The Cleveland Browns should be in a celebratory mood.
They should be enjoying themselves after a second straight win. They should be especially thrilled about beating the rival Pittsburgh Steelers. They should be viewing this victory as something to build on, they should be thinking about how this impacts any playoff hopes.
But we’re not talking about that. How could we?
Instead, we have to talk about the awful actions of Browns defensive end Myles Garrett. Just seconds away from Cleveland icing its fourth win of the season, Garrett made a heinous mistake which essentially put a sour taste in the entire organization’s mouth.
The Steelers had just turned the ball over on downs. With eight seconds left in regulation, all Cleveland needed to do was take a knee and soak in a much-needed win over a rival which has bullied this franchise endlessly for years on end.
After the play, however, Garrett got tangled up with Pittsburgh quarterback Mason Rudolph. Eventually, Garrett removed Rudolph’s helmet and hit him over the head with it.
Myles Garrett doing the unthinkable and unimaginable. pic.twitter.com/Y0UXzrCskn
— Adam Schefter (@AdamSchefter) November 15, 2019
The event was, in no uncertain terms, sickening.
Garrett attempted to hit a defenseless player with a blunt object. Said player already suffered a brutal head injury earlier this season. Garrett was immediately ejected, and the reality is it’s going to be a while before he touches the field again.
Yes, Rudolph tried to rip Garrett’s helmet off first. Yes, after the skirmish, Steelers lineman Maurkice Pouncey took several cheap shots at Garrett. Yes, this rivalry has a tendency to get heated more often than not.
To me, it’s all irrelevant.
I don’t care who started it. I don’t care what happened before it, what happened after it. I don’t care that it occurred against a rival.
None of that matters. Not even a little bit.
To find excuses for Garrett’s actions is an attempt to undermine the fact he could’ve seriously hurt Rudolph. To defend what he did is essentially shrugging off a violent act which he had no reason to commit.
It also ignores the impact of his actions.
For one, Garrett is surely getting suspended for this. As a result, it’s tough to look at what he did and not view it as an incredibly thoughtless and selfish thing to do. He’s removing himself from the picture right as Cleveland is starting to build momentum.
Additionally, Garrett gave a black eye to a team which, after such a brutal start to the year, just needed something to be happy about.
“Never beat Baltimore and Pittsburgh in the same year, and then we have to talk about this … we don’t condone that.”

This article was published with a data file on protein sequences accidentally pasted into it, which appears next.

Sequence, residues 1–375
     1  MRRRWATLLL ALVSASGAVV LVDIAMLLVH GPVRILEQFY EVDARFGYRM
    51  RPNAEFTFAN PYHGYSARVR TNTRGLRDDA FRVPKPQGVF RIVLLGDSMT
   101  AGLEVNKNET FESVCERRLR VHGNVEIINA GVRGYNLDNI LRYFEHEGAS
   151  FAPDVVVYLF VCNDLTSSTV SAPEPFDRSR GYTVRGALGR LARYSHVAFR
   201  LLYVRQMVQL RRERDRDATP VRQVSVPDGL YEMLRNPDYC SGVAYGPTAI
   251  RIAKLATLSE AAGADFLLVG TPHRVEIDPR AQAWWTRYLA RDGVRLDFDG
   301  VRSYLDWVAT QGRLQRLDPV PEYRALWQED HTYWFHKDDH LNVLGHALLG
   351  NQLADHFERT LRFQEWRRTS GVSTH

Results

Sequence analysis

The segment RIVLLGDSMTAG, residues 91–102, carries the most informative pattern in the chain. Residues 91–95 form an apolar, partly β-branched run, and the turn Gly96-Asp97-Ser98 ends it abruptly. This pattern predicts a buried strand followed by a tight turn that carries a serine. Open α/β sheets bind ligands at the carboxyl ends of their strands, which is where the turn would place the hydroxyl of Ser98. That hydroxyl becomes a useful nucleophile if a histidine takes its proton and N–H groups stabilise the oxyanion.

— CBS Sports HQ (@CBSSportsHQ) November 15, 2019
As coach Freddie Kitchens stated, the Browns should be happy right now. They should be giddy about remaining undefeated in the AFC North. They should be reveling in the fact they took down the hated Steelers.
Instead of discussing this, players solemnly had to address the disgusting actions of their teammate. They were immediately peppered inquiries not about momentum or potential playoff implications, but about their reaction to their teammate bludgeoning an opponent with his own helmet.
Baker Mayfield called Myles Garrett ripping off Mason Rudolph’s helmet and smacking the QB in the head w/ it “inexcusable.” Jarvis Landry called it “embarrassing.” Odell Beckham, Jr. used “ugly,” HC Freddie Kitchens “embarrassed.” What does it say when your own team is horrified?
— Aditi Kinkhabwala (@AKinkhabwala) November 15, 2019
Fans want to be reveling in this victory, as well. Only they can’t. They instead trudged out of the stadium with the same somber attitude you’d expect to witness after a crushing defeat.
It feels like a loss leaving the stadium. It’s silent.
— Kyle Kelly (@KyleKellyNFL) November 15, 2019
If there’s any bright spot in any of this, it’s the fact the Browns have an extra few days between now and their next game. The hope is the players can use this additional time to further remove themselves from what they just saw.
As for Garrett, there’s nothing else that needs to be said. There’s no excuse for what he did. There’s no writing it off, no using other angles of the replay to explain his motive.
What he did will be inexcusable no matter how you paint it. His own teammates have admitted as much.
The NFL surely will, too. When the league does make its final decision on the fate of Garrett, Cleveland will be left to figure out how one of the biggest wins of the season also featured one of the team’s most crushing blows of the year.